Less than three years ago, Australia’s leader said his country need not choose between the U.S. and China. A nuclear submarine deal shows that much has changed since then.
By Damien Cave and Chris Buckley
SYDNEY, Australia — When Scott Morrison became Australia’s prime minister three years ago, he insisted that the country could maintain close ties with China, its largest trading partner, while working with the United States, its main security ally.
“Australia doesn’t have to choose,” he said in one of his first foreign policy speeches.
On Thursday, Australia effectively chose. Following years of sharply deteriorating relations with Beijing, Australia announced a new defense agreement in which the United States and Britain would help it deploy nuclear-powered submarines, a major advance in Australian military strength.
With its move to acquire heavy weaponry and top-secret technology, Australia has thrown in its lot with the United States for generations to come — a “forever partnership,” in Mr. Morrison’s words. The agreement will open the way to deeper military ties and higher expectations that Australia would join any military conflict with Beijing.
It’s a big strategic bet that America will prevail in its great-power competition with China and continue to be a dominant and stabilizing force in the Pacific even as the costs increase.
“It really is a watershed moment — a defining moment for Australia and the way it thinks about its future in the Indo-Pacific region,” said Richard Maude, a former Australian security official who is now a senior fellow at the Asia Society Policy Institute.
“It does represent really quite sharp concerns now in the Morrison government about a deteriorating security environment in the region, about China’s military buildup and about China’s willingness to use coercive power to pursue national interests,” he said.
Biden Announces a Defense Deal to Counter China
President Biden said that the United States and Britain would help Australia deploy nuclear-powered submarines, adding to the Western presence in the Pacific.
Today, we’re taking another historic step to deepen and formalize cooperation among all three of our nations, because we all recognize the imperative of ensuring peace and stability in the Indo-Pacific over the long term. We need to be able to address both the current strategic environment in the region and how it may evolve, because the future of each of our nations and indeed the world depends on a free and open Indo-Pacific enduring and flourishing in the decades ahead. This is about investing in our greatest source of strength, our alliances, and updating them to better meet the threats of today and tomorrow. You know, as the key project under AUKUS, we are launching consultations with Australia’s acquisition of conventionally armed, nuclear-powered submarines for its navy. Conventionally armed. I want to be exceedingly clear about this. We’re not talking about nuclear-armed submarines. These are conventionally armed submarines that are powered by nuclear reactors. This technology is proven; it’s safe. The United States and the U.K. have been operating nuclear-powered submarines for decades.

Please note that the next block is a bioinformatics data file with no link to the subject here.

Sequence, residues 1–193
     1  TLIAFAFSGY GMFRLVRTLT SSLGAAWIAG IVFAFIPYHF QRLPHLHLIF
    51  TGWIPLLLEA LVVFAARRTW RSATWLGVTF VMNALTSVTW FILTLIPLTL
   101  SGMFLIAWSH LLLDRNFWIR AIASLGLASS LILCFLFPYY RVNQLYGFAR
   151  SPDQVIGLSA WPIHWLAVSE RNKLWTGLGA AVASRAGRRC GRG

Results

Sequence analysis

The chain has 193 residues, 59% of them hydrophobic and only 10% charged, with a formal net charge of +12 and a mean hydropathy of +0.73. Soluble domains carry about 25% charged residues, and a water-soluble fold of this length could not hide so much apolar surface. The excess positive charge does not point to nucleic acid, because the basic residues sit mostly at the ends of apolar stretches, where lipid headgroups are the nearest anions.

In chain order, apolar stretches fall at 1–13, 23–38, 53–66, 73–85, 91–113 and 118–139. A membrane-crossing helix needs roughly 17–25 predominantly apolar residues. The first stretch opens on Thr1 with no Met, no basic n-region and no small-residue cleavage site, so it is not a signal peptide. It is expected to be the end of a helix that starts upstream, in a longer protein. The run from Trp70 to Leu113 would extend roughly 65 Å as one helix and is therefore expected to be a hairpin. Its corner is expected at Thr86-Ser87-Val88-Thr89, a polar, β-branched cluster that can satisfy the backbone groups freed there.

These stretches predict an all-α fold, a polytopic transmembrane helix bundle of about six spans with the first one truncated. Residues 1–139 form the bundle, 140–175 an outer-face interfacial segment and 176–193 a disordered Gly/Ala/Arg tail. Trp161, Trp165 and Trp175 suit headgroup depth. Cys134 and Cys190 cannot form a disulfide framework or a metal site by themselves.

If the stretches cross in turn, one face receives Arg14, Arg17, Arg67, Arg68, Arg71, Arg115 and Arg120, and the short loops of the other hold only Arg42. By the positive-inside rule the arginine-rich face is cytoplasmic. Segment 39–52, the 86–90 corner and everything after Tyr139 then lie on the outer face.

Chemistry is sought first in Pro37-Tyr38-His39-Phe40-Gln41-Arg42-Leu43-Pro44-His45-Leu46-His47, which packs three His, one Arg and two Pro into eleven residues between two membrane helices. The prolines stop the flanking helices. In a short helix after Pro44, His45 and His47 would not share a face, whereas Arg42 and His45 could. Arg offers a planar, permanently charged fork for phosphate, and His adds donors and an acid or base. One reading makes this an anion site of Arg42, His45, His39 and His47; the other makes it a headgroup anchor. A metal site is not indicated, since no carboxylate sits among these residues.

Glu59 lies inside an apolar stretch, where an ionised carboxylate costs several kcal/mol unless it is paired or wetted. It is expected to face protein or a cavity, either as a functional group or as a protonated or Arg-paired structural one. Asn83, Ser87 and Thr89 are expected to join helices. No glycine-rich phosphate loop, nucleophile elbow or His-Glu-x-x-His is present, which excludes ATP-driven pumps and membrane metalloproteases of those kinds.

Clearly, the United States also made a choice: that the need for a firm alliance to counter Beijing is so urgent that it would set aside longstanding reservations about sharing sensitive nuclear technology. Australia will become only the second country — after Britain in 1958 — to be given access to the American submarine technology, which allows for stealthier movement over longer distances.
Zhao Lijian, a spokesman for the Chinese Ministry of Foreign Affairs, said during a regular news briefing in Beijing that the submarine agreement would “seriously damage regional peace and stability, exacerbate an arms race and harm international nuclear nonproliferation efforts,” according to a transcript issued by the ministry.
“This is utterly irresponsible conduct,” Mr. Zhao said.
For the United States, the decision to bolster a close Asia-Pacific ally represents a tangible escalation of its efforts to answer China’s rapid military growth. The Defense Department said in its most recent report to Congress that China now had the largest navy in the world, measured in numbers of vessels, having built a fleet of approximately 350 ships by 2019, including a dozen nuclear submarines.
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